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I've recently switched from Windows to Ubuntu 11.04, and a difference that bugs me a bit is, when a dead key (such as ^ or ´) is pressed twice, the behavior differs in the two OS'es.

On Windows, the first press is dead, but the second press gives you two characters. So, for instance, pressing ¨ once nets you nothing, but twice nets you ¨¨.

On Ubuntu, the first press is also dead, but the second press only nets you one character. So, pressing ¨ once nets you nothing, twice nets you ¨.

What I'd like to do is make dead keys function as on Windows, that is, pressing them twice nets you the character two times.

I do not wish to make them non-dead, as I then wouldn't be able to write for ü, for instance.

Is such a thing possible, and if so, how?

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Just out of curiosity, I remember this behavior from my Windows days and it always boggled me what the use case could be for wanting two of them, any insight? I don't think there was a single time where I didn't use the backspace after hitting a dead key twice. – Ward Muylaert Jun 20 '11 at 10:04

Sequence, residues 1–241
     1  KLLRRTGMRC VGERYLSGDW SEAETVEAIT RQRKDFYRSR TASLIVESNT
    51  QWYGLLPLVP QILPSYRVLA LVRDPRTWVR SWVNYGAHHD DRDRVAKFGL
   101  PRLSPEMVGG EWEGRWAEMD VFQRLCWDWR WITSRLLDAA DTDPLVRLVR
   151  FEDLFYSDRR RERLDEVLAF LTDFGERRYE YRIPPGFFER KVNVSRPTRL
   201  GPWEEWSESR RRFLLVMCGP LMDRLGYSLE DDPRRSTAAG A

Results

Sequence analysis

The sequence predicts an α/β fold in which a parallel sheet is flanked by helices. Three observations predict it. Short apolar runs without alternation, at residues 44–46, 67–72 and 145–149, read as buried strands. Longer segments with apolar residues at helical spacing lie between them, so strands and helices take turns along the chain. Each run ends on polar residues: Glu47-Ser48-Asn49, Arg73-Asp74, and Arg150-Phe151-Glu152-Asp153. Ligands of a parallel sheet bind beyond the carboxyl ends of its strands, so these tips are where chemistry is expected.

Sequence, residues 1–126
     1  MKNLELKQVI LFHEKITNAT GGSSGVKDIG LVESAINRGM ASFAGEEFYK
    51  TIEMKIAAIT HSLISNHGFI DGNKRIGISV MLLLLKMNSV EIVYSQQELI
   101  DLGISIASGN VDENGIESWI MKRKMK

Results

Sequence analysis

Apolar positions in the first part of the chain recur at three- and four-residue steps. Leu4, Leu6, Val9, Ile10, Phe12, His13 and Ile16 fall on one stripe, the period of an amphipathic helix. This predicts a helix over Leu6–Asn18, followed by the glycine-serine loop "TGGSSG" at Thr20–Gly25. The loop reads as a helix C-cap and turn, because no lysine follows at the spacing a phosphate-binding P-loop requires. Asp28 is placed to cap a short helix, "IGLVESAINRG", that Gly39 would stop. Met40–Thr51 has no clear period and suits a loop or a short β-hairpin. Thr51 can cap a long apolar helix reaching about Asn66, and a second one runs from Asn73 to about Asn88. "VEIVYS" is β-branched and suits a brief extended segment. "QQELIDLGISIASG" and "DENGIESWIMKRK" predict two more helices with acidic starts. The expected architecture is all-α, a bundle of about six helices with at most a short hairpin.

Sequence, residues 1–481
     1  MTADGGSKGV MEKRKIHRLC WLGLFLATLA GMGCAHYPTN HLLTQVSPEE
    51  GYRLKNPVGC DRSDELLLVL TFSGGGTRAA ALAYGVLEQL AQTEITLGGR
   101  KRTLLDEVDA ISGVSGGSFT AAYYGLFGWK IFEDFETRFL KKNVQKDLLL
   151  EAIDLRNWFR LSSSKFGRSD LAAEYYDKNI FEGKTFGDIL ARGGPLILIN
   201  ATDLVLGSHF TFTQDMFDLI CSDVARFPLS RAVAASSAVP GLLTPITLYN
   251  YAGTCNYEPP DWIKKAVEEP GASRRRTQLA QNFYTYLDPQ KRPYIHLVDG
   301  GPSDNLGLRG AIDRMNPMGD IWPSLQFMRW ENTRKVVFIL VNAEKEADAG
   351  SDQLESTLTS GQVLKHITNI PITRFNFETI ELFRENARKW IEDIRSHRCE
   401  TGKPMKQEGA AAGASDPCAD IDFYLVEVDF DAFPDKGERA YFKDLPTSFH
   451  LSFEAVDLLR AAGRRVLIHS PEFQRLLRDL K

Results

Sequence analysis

For instance, when writing LaTeX, quoted text is written like ``this''. There's also the smiley ^^. – Sebastian Paaske Tørholm Jun 20 '11 at 11:07
I see, Kile autocorrects my " into `` or '' depending on what's needed. – Ward Muylaert Jun 20 '11 at 11:51
I just defined my own qq{} and q{} function for quotes. If you use a specific editor, you might be able to program that one ` will output `` or so – Martin Ueding Aug 13 '11 at 22:23

You can get similar behavior with the compose key. The compose key can be set under System Settings -> Keyboard -> Layout -> Options -> Compose Key. Now, to type ü, press compose, release compose and then proceed as you would in Windows.

Edit: Misread slightly, you'd need to make the keys dead before doing this, which for me, they were by default.

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What you're asking isn't possible as far as I know; however if you would change your keyboard-layout to one with AltGr deadkeys, you'll still be able to have your deadkeys like ü.

How to get those deadkeys is very easy; e.g. ü would be AltGr + Shift + '.

If you don't have a dedicated AltGr key, then the right Alt key would be that key.

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